With spring in Maine comes the return of many wonderful natural sounds. Among them, the short, distinctive raspy clucks of the wood frog, which some characterize as sounding like the quacking of a duck. About two inches in size, the wood frog is typically tan or dark brown overall, with a white belly that may show dark mottling. They have a distinctive dark “mask” that extends to behind ear, a light stripe on the upper jaw, and a dark patch on the chest near the base of the front legs.
Maine's wildlife species include animals such as black bears, brook trout, the Common Loon, Canada Lynx, white-tailed deer, and of course, moose! Learn more about the wide array of animals living in our state's rivers, lakes, and forests through the Natural Resources Council of Maine's Creature Feature. Have a suggestion for a new creature to feature? Let us know!
The sea lamprey is native to Maine. Anything negative you may have heard about it is undoubtedly rumor that has drifted East from some other part of the country where the lamprey is not native and, as non-native introduced species tend to be, is considered a pest. Maine’s lamprey is one of nearly 50 species in rivers and coastal seas around the world.
Unlike most bird species, Bohemian Waxwings do not hold breeding territories, and in winter, they wander in search of large staples of fruits and berries. Typically, they breed from Alaska across northwestern Canada south to British Columbia, with a few breeding records from parts of the northwestern U.S.. But in winter, when their berry supplies become scarce, they wander south, and if we’re lucky, large flocks of these gorgeous birds appear in Maine.
The adult alewife is a sea-run fish about 12 inches long. Each spring, alewives leave the ocean, enter Maine’s coastal rivers, and make their way upstream to spawning habitat in lakes and ponds. Alewives are river herring, a term that also includes their close relatives the blueback herring and American shad.
The Bald Eagle, also known as the American eagle since it occurs only here, is especially noticeable in winter, when eagles from the North and West move to the coast, where the climate is milder and the coastal waters are free of ice. In the winter they roost and hunt in groups, feeding in open water along large tidal rivers of the Maine coast, or perched on frozen ice in search of discards from the fishing shacks.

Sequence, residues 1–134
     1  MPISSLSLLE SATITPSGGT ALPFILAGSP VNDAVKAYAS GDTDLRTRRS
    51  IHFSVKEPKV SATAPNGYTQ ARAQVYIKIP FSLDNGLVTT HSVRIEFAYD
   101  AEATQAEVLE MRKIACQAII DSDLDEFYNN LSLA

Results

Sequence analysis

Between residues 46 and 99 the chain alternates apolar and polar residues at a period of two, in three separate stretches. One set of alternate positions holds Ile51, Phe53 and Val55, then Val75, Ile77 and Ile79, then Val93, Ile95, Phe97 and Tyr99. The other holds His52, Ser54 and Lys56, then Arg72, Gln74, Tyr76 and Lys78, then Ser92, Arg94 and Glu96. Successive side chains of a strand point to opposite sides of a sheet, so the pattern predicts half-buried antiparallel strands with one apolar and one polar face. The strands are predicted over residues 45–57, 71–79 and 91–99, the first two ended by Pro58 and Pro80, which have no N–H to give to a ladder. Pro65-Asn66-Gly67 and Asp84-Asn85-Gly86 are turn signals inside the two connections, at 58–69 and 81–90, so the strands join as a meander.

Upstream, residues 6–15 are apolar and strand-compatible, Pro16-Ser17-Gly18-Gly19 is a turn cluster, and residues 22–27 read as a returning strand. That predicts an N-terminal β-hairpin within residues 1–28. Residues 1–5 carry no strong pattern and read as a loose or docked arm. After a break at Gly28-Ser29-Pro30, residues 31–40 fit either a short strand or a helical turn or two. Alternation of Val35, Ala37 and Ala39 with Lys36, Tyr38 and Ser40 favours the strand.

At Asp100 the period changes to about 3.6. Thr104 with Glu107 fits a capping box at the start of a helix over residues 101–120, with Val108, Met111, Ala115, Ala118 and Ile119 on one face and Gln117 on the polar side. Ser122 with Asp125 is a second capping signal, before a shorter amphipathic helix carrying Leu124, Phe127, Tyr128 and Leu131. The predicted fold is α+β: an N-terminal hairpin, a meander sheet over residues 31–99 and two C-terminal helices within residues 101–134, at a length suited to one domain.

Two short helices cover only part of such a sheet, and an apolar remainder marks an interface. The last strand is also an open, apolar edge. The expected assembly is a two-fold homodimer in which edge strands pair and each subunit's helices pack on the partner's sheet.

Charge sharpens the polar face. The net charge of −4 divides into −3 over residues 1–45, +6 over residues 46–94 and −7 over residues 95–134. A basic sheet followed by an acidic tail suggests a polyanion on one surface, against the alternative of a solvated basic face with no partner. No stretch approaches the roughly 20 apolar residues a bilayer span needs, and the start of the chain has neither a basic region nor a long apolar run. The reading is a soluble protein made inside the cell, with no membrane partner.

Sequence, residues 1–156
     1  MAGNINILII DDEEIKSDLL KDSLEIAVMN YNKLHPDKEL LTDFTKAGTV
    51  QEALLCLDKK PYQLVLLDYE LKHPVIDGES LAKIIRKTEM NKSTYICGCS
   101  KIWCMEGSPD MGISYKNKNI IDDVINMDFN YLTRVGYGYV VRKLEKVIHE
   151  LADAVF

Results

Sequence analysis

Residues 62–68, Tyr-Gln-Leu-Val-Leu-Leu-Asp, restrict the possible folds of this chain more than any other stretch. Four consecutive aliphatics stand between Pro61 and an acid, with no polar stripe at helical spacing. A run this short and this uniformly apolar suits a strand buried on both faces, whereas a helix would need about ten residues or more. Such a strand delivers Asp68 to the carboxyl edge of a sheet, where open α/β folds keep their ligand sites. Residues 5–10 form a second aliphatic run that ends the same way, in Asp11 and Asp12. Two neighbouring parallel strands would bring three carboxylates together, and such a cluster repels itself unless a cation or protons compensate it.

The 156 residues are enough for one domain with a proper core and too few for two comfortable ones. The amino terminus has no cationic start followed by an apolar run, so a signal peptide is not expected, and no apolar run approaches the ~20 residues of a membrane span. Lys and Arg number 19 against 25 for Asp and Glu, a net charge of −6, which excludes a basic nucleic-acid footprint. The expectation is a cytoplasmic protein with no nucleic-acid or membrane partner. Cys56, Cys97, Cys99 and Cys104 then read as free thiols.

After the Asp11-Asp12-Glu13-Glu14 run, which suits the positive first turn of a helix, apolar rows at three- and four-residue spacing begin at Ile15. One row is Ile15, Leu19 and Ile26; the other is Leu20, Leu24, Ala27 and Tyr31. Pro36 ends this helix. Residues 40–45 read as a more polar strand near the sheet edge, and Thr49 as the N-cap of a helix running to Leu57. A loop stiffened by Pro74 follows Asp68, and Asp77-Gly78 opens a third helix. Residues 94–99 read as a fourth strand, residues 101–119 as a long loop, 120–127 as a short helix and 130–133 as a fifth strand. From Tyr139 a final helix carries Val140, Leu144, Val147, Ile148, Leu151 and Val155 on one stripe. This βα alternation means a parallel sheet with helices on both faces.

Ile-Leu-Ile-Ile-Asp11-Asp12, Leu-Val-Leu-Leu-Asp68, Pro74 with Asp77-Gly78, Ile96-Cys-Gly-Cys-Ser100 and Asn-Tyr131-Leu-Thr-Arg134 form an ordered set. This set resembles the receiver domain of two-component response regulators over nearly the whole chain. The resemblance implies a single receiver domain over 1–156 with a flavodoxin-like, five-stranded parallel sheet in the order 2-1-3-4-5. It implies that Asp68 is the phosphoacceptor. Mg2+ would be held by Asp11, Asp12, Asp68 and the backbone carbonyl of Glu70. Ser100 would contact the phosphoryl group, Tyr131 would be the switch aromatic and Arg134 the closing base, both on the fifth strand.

NRCM’s Allison Wells and her young son happened upon the sea lamprey migration in the Sheepscot River, Coopers Mills, Maine, and captured this video. The sea lamprey is a native, parasitic fish that has a strange, disc-like mouth that it uses for feeding on the flesh of other fish. It also uses it to grasp Read More
The Atlantic salmon is an anadromous fish, which means it spends the majority of its lifetime in the ocean, but returns to spawn in the same freshwater river or stream where it was born. In Maine, salmon begin returning to their home rivers between March and November, with a peak migration during June and July. Unlike their Pacific cousins, Atlantic salmon do not die after spawning, and can return year after year to reproduce.
The empty shells scattered along the shallow edges of the Kennebec, Sebasticook, and Penobscot rivers are not clams, but the remains of freshwater mussels like the yellow lampmussel. The shells may have been left behind by an otter, muskrat, or raccoon after a meal. By serving as food for river mammals, filtering the water for their own food, and linking to fish populations, freshwater mussels play a unique role in river ecosystems.
The peregrine, once known as the “duck hawk,” is a large falcon, the male more than 16 inches tall and the larger female measuring up to about 20 inches, with a wingspan of up to 44 inches. One of the most widespread birds in the world, the peregrine is found on all continents, with the exception of Antarctica.